Employers that routinely pay severance benefits or expect to pay such benefits in the future as a result of shutdowns, downsizing or seasonal employment may be able to realize substantial Social Security and Medicare tax (FICA) savings for them and their employees by structuring these payments under a supplemental unemployment benefit (SUB) plan. [IRC §501(c)(17)]
For example, assume an employer is forced to lay off 200 employees in connection with a plant shutdown and plans to pay $3,000 in severance benefits to each employee, or $600,000 in total. Normally, the employer would have to pay $45,900 in FICA taxes on these amounts [$600,000 * 7.65% = $45,900] for an effective cost of $645,900.
In order to restructure these amounts as SUB benefits exempt from FICA/FUTA, the $3,000 in severance benefits could be paid to employees in 10 weekly installments of $300 (or other periodic amounts that qualify as SUB benefits) at an effective cost of only $600,000. Employees would save a comparable amount.
What exactly is a SUB plan?
The FICA/FUTA exemption for SUB stems from a series of revenue rulings, in particular Rev. Ruls. 56-249 and 90-72. The overriding theme of these rulings is that the SUB benefits must be designed to supplement state unemployment benefits according to the following requirements.
- Benefits are only paid to those employees who involuntarily separate from employment (e.g., plant shutdowns, reductions in force, etc.) and who meet prescribed conditions after termination of employment, such as registering for unemployment benefits with the state (Rev. Rul. 56-249)
- Benefits are only payable to those employees who satisfy the requirements for state unemployment benefits except if:
- the employee does not have sufficient wage credits under the state law
- the employee has not satisfied the state-required waiting period
- the employee has exhausted the state benefits (Rev. Rul. 90-72)
- Benefits are designed to supplement the state unemployment benefits. In Rev. Rul. 56-249, the benefits were integrated with state unemployment benefits such that the total payments (SUB and unemployment) to the employee were a specified percentage of the employee’s pre-separation straight time take-home pay.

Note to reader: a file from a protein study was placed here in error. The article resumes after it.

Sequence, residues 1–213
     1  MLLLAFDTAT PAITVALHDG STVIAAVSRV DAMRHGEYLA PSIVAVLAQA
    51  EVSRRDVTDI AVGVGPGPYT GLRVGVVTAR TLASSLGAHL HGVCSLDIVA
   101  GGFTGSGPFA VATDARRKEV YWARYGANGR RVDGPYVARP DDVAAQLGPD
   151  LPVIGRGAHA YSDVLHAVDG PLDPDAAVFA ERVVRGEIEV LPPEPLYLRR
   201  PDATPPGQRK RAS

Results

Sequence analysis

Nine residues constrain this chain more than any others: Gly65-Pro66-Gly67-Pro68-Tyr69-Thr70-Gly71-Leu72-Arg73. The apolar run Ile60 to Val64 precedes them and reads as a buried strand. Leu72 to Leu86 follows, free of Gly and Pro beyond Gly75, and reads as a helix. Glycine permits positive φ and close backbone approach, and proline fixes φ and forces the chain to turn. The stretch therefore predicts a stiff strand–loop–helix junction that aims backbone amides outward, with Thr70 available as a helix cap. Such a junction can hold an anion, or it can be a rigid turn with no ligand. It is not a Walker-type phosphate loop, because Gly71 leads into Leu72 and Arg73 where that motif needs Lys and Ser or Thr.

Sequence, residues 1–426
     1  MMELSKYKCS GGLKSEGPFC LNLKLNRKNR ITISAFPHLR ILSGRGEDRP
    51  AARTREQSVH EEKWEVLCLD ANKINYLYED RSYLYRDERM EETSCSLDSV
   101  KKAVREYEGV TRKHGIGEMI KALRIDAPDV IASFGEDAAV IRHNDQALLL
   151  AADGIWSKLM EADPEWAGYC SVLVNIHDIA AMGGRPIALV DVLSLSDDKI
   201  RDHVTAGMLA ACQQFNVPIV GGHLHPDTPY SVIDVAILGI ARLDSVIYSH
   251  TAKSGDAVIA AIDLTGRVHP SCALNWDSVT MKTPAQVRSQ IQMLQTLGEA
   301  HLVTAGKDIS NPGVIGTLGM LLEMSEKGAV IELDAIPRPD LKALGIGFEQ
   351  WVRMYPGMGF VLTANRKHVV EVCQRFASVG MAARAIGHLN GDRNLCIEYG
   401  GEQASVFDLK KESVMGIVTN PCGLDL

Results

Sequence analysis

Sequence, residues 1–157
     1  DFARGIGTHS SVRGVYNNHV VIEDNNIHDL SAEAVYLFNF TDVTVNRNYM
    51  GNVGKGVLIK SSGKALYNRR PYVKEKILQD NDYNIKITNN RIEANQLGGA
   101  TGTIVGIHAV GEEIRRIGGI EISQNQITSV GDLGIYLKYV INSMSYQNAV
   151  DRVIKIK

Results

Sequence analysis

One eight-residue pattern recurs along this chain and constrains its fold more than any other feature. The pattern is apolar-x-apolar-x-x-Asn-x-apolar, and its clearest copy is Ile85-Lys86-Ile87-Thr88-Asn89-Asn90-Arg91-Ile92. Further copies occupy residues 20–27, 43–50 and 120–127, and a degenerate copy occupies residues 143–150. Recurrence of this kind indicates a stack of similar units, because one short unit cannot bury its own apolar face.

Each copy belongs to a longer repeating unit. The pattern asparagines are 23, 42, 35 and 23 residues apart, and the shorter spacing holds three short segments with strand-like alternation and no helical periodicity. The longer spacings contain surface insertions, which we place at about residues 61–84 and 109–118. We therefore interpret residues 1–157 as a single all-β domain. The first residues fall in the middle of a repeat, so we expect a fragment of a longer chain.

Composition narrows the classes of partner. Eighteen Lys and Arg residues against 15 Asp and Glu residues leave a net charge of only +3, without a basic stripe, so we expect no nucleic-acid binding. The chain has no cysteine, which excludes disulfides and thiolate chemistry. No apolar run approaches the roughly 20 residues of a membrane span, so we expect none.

- The benefits are paid periodically and not in a lump-sum distribution [Rev. Rul. 90-72]
- The benefits are paid through a trust or directly to employees through an unfunded program [Rev. Rul. 60-330]
- No employee has an interest in the SUB fund until the employee is qualified to receive benefits [Rev. Rul. 56-249]
While there is planning involved in creating and administering SUB plans, they warrant investigation where the FICA tax savings outweigh the investment. Since long-term severance pay out arrangements help businesses to stay connected to their former employees during transition periods, SUB plans are also worth consideration in situations where businesses believe their workforce needs will return in the future.
Ways to potentially reduce severance pay costs
Employers should keep in mind that there are several areas where severance planning can cut down on unnecessary costs and/or facilitate a continuing connection with separated workers. Here are just a few.
- As previously mentioned, consider supplemental unemployment benefit (SUB) plans
- Properly report severance and salary continuation payments to state employment agencies
- Properly exclude severance and similar payments from wages covered by state unemployment insurance where allowed by law
- Consider state work share programs